Both Eric and Axel Andersson spent a lot of time training for the trip, and Axel worked part-time jobs to help pay for it. Eric Andersson had to overcome an injury suffered while taking a north-to-south bike trip in Sweden.

Seeing the country from the back of a bike is different, Axel Andersson said.

“The whole slow travel aspect, of just going through slowly and getting to stop in places you wouldn’t normally stop at,” he said.

There’s a stretch of northern Sweden, about 500 miles, that people just normally drive through, he said. That wasn’t an option when he and his mom, who accompanied him on that trip, could do about 60 miles a day.

Eric Andersson said he had visited New York City before this trip, been to Florida and Las Vegas. But he figured he didn’t really know much about the United States.

“Like in every country you have one picture - you see the TV news? But the TV news is not like this,” he said. “I think it’s (better) to go through the countryside, to meet the ordinary people.”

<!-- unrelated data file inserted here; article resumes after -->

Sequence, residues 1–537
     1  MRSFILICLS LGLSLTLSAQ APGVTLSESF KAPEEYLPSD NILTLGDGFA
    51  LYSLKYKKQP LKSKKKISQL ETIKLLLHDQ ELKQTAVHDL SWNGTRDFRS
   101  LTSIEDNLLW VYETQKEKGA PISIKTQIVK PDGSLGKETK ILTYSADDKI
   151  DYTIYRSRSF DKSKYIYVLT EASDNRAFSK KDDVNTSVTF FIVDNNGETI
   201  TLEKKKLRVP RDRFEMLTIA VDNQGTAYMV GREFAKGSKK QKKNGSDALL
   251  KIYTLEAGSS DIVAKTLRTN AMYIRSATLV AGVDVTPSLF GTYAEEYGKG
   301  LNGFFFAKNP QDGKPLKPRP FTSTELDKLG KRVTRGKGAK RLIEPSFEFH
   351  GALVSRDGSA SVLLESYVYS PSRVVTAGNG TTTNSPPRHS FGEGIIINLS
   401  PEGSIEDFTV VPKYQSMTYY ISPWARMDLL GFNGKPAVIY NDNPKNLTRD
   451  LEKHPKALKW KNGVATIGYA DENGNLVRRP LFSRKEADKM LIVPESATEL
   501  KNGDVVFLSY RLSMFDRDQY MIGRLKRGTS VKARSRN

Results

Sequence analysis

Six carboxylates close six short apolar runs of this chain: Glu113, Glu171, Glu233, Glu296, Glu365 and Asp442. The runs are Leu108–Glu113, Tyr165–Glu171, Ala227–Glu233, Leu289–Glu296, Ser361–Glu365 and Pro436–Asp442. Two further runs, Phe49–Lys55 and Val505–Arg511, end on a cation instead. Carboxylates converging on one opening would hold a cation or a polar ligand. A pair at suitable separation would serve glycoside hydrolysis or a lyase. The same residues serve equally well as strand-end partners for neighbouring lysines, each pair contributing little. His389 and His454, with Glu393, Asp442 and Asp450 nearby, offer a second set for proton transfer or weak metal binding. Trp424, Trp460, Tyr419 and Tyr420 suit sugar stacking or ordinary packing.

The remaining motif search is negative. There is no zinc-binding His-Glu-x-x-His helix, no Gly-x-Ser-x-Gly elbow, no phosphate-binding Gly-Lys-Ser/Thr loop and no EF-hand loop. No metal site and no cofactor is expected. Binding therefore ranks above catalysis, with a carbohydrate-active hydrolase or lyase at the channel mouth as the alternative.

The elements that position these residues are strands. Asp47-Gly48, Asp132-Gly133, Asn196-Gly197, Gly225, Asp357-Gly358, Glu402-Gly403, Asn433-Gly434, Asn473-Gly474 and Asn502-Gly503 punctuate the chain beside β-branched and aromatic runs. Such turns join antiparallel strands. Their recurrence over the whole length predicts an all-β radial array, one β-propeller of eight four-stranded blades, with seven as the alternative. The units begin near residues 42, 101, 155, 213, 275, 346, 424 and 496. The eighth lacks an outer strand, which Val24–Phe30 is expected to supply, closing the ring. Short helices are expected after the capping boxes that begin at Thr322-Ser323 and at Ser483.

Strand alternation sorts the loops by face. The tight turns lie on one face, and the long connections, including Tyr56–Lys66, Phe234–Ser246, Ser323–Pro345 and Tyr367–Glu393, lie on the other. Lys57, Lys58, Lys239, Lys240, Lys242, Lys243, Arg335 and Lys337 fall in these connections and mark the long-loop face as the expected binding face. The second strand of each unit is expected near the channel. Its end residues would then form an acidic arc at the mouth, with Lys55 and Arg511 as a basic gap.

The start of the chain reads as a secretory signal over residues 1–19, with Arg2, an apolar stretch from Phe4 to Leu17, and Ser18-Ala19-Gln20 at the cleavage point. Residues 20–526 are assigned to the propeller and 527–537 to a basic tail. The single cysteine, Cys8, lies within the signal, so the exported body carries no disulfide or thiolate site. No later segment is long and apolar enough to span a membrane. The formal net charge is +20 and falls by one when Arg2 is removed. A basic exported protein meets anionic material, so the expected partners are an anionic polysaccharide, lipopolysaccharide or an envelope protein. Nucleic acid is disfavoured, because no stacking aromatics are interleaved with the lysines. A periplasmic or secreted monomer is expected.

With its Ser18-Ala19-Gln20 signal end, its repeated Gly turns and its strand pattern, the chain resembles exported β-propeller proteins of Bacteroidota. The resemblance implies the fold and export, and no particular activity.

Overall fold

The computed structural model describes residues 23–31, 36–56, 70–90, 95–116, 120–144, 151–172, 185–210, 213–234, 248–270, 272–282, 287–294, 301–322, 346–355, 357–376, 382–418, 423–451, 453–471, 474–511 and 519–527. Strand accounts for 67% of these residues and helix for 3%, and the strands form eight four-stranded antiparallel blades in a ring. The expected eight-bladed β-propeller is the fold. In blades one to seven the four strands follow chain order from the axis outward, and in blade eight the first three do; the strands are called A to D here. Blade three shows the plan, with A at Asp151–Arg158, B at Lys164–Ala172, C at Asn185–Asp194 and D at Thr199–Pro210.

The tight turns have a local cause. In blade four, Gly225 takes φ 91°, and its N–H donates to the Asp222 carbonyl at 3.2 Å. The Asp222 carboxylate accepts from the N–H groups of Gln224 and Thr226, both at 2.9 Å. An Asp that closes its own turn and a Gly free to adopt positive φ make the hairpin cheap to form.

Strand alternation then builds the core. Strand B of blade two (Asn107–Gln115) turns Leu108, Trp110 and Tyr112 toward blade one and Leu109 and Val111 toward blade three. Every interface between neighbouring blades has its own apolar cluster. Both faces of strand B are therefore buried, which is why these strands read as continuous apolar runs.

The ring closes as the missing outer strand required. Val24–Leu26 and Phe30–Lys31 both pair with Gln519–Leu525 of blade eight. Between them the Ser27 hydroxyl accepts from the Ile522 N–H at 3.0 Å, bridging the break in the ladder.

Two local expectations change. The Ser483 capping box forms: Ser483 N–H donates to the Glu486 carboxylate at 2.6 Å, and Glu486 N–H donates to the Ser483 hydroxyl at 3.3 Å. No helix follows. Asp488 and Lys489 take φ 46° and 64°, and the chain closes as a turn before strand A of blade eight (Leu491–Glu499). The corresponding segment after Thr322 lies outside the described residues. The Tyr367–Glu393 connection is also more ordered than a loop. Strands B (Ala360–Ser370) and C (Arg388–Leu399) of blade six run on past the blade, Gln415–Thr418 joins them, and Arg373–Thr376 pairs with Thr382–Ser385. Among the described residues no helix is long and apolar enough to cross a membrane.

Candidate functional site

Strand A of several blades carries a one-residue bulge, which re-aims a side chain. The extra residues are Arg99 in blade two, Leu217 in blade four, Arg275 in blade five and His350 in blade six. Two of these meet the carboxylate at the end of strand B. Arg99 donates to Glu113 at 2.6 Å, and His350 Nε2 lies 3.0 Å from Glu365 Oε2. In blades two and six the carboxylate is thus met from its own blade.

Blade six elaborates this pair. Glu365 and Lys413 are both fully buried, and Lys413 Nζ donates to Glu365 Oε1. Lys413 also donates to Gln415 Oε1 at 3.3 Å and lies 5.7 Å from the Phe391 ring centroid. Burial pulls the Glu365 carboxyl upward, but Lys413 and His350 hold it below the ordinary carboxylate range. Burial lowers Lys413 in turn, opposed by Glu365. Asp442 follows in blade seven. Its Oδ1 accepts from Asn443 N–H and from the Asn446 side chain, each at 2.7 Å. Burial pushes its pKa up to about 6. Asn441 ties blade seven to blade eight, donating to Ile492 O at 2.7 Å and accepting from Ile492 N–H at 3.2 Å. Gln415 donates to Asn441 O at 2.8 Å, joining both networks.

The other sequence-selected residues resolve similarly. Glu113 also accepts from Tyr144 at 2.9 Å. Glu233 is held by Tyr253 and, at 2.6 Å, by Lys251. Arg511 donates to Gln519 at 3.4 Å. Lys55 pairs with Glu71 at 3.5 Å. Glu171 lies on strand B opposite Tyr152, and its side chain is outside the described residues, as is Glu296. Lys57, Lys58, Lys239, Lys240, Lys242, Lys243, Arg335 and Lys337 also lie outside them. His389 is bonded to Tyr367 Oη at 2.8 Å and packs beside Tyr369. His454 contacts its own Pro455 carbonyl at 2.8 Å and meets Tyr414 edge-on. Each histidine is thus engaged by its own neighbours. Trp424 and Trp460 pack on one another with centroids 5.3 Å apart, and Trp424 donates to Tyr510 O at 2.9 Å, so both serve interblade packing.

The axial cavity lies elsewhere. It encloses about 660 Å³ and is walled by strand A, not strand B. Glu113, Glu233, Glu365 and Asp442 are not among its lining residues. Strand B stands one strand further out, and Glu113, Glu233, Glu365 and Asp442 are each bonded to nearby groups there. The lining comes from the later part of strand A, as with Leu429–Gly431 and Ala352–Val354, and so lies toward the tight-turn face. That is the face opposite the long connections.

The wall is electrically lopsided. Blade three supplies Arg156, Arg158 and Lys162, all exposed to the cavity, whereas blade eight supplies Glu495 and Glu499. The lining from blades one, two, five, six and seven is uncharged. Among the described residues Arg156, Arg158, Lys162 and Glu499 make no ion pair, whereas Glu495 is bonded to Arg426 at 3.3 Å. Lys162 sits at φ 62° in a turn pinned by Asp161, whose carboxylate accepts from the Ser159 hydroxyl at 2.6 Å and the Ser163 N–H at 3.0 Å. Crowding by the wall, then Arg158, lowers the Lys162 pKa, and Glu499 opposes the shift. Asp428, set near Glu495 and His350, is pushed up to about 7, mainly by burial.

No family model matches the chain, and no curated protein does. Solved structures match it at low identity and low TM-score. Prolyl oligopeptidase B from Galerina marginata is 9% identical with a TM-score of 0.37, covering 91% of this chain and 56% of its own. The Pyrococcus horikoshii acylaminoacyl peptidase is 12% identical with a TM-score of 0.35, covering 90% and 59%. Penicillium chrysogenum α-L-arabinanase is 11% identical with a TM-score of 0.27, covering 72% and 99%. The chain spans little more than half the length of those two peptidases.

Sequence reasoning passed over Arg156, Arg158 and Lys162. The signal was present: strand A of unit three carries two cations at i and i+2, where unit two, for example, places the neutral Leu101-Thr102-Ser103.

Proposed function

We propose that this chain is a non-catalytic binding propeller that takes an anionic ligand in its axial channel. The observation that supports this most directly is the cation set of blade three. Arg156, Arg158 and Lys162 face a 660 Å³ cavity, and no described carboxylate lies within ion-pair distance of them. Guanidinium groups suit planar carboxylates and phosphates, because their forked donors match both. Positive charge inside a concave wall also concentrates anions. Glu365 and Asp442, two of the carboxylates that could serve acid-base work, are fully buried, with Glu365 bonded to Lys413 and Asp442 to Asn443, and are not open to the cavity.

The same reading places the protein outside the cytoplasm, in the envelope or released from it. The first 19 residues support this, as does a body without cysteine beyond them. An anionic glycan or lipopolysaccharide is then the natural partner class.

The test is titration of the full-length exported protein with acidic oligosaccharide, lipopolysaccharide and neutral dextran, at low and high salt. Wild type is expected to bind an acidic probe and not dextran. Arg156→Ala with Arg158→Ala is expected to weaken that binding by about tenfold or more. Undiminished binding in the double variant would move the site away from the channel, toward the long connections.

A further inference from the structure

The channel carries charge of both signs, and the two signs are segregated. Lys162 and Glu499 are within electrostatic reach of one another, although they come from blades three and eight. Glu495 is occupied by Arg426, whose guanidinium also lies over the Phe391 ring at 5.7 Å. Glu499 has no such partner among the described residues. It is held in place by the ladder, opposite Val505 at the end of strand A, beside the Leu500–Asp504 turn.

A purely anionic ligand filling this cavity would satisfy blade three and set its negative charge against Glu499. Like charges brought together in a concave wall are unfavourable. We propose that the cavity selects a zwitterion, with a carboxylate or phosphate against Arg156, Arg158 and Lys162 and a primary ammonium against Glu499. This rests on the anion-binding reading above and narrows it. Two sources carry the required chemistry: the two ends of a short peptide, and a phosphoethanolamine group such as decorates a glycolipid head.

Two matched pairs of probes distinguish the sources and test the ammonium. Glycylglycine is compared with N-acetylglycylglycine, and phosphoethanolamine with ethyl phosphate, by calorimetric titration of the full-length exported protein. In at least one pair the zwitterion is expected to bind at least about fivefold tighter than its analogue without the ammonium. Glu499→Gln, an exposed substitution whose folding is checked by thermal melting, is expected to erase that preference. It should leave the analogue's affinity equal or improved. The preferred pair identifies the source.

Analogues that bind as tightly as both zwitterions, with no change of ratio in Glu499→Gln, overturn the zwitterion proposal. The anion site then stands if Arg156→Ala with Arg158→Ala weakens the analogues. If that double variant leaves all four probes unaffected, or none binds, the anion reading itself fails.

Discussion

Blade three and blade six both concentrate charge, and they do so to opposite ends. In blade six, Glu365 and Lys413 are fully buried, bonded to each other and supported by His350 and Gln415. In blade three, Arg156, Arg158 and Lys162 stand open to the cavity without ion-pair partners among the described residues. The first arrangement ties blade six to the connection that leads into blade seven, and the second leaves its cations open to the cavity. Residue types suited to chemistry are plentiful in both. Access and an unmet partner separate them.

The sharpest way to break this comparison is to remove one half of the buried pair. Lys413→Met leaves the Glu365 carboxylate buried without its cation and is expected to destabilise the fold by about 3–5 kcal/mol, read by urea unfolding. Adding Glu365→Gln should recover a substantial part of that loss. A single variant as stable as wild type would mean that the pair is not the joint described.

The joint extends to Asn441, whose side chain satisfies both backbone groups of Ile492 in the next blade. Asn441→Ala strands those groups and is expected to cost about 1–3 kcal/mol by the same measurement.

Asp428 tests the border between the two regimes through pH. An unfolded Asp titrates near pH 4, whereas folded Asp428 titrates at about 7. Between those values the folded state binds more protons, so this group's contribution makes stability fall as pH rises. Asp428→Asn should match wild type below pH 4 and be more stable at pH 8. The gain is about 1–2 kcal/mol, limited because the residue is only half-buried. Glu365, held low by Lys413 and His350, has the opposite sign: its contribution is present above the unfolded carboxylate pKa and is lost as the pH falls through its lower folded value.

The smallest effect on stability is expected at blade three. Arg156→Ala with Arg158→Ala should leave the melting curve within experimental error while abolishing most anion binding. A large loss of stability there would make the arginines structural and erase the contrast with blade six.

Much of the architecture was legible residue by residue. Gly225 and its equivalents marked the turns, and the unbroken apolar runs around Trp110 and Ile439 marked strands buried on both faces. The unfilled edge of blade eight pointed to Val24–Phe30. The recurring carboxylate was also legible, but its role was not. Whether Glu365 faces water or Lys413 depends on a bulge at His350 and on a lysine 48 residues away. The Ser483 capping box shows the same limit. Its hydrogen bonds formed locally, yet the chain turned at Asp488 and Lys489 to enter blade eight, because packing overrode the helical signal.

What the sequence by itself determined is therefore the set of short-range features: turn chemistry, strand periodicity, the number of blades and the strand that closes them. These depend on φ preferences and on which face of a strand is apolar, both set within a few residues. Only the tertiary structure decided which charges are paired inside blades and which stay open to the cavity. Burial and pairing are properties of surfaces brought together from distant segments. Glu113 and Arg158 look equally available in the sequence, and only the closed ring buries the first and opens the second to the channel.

Throughout their trip they’ve been treated courteously, the Anderssons said, and have had conversations with people all across the country who were interested in their trip and their experiences.

“All the people we have met have shown us great hospitality,” Eric Andersson said. “And so nice - everybody, every single one.”

Some have been nicer than others, he said, but they’ve had a positive experience.

“In Sweden we have hospitality, but not like the American people. You are more open - you meet strangers and you are interested in what the strangers are doing. And I think the American people like when somebody does a challenge,” Eric Andersson said.

“Also people are a lot more talkative in the U.S.,” Axel Andersson said. “I mean, you could bring a pink elephant in Sweden and people wouldn’t say anything to you.”

They’ve been impressed by the American wilderness - not just designated wilderness and national parks, but the large undeveloped open spaces. They rode through the Rockies - a long ride uphill, but a gradual slope, Axel Andersson said - and through the Bighorn Mountains in Wyoming. That was steeper and a much tougher challenge, Eric Andersson said. They’ve ridden along the Mississippi River, through the fields of the Middle West.